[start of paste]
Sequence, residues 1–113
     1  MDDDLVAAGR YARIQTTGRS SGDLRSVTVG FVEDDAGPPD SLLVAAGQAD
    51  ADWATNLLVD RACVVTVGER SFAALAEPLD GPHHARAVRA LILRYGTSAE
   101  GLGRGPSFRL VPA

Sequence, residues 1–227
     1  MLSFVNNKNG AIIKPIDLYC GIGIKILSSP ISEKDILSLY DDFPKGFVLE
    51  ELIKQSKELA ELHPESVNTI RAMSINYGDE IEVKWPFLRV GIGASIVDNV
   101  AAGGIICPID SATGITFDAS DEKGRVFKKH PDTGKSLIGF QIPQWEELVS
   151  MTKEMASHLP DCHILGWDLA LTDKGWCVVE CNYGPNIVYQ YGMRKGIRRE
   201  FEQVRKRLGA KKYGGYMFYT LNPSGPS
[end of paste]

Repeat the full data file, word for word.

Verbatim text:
Sequence, residues 1–113
     1  MDDDLVAAGR YARIQTTGRS SGDLRSVTVG FVEDDAGPPD SLLVAAGQAD
    51  ADWATNLLVD RACVVTVGER SFAALAEPLD GPHHARAVRA LILRYGTSAE
   101  GLGRGPSFRL VPA

Sequence, residues 1–227
     1  MLSFVNNKNG AIIKPIDLYC GIGIKILSSP ISEKDILSLY DDFPKGFVLE
    51  ELIKQSKELA ELHPESVNTI RAMSINYGDE IEVKWPFLRV GIGASIVDNV
   101  AAGGIICPID SATGITFDAS DEKGRVFKKH PDTGKSLIGF QIPQWEELVS
   151  MTKEMASHLP DCHILGWDLA LTDKGWCVVE CNYGPNIVYQ YGMRKGIRRE
   201  FEQVRKRLGA KKYGGYMFYT LNPSGPS